A conversation with the founder of BeHumane on how we can help our children thrive in a technology driven world.
I didn’t have a cell phone until I was in junior high and sent my first text message in 11th grade. Growing up there were no reality escape machines in my pocket, ipads at the dinner table, or ways to avoid calling my high school girlfriend’s house without talking to her parents!
I am grateful for these more analog experiences because it shaped many parts of who I am in ways that I perceive to be positive.
Now that I’m going to be a parent soon, I can’t help but wonder about how all this technology is going to impact my kiddo?
And what can I do about it to help them be happy, heathy, and prosperous?
Her research painted somewhat of a dire picture that made it clear that we as a society need to do something about this:
- Adolescents using devices 5 or more hours a day (vs. 1 hour) were 66% more likely to have at least one suicide-related outcome1
- Results of a 2016 Common Sense Media Report found that 50% of teens “feel addicted” to mobile devices, while 59% of parents surveyed believe that kids are addicted to their devices2
- Seven-in-ten U.S. teens said anxiety and depression is a major problem among people their age in the community where they live3
- Technology can negatively affect children’s developing social skills, relationships, health, and overall ability to focus, developing their social skills. This can lead to more children being socially awkward, withdrawn, shy, or intimidated by social situations.4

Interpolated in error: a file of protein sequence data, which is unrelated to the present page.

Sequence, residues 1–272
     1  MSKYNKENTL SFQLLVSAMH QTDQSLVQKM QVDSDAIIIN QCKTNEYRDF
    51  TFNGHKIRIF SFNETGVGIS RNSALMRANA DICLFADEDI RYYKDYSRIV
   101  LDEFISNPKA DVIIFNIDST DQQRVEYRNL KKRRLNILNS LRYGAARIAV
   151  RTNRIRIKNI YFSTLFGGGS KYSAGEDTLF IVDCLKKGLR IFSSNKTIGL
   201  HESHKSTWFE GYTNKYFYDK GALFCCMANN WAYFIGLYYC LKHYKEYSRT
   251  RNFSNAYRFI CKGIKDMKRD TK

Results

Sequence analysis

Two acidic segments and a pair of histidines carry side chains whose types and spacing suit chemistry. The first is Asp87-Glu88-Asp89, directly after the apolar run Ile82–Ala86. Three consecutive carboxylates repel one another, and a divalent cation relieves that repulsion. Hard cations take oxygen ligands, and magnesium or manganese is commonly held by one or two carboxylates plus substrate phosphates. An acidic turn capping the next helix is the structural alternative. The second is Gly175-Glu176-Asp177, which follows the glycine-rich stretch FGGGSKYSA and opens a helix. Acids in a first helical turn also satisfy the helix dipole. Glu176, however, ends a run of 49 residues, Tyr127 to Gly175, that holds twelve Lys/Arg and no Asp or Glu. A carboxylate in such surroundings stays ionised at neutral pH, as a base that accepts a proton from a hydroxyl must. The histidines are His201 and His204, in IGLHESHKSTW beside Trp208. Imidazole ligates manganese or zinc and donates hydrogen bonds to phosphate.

Going deep into this area of study there were many more subtle “aha” moments that helped her form her vision for BeHumane which aims to teach kids how to use technology effectively.
She realized that there is no “onboarding” for how to use technology in a healthy way for kids. We don’t really take much responsibility as parents or a society to teach best practices for engaging with all these devices.
What can often happens is all this technology provides an escape hatch for kids (and adults) to bypass their emotions. They learn the habits of distracting themselves vs. sitting with and acknowledging their emotions which we all know can end up becoming quite problematic.
What I also found fascinating was that kids can’t dictate the difference between reality and fantasy at a certain point. So when they see a human with a bear head filter on the phone, they think it’s a bear! All these facets have big implications which we get into during our conversation.
In addition to this massive problem and her company, Sarah and I also discuss the nuances of being a founder that is passionate about their consciousness evolution. It often can be somewhat of a taboo topic in the workplace and what is the best way to integrate it more deeply into building your company?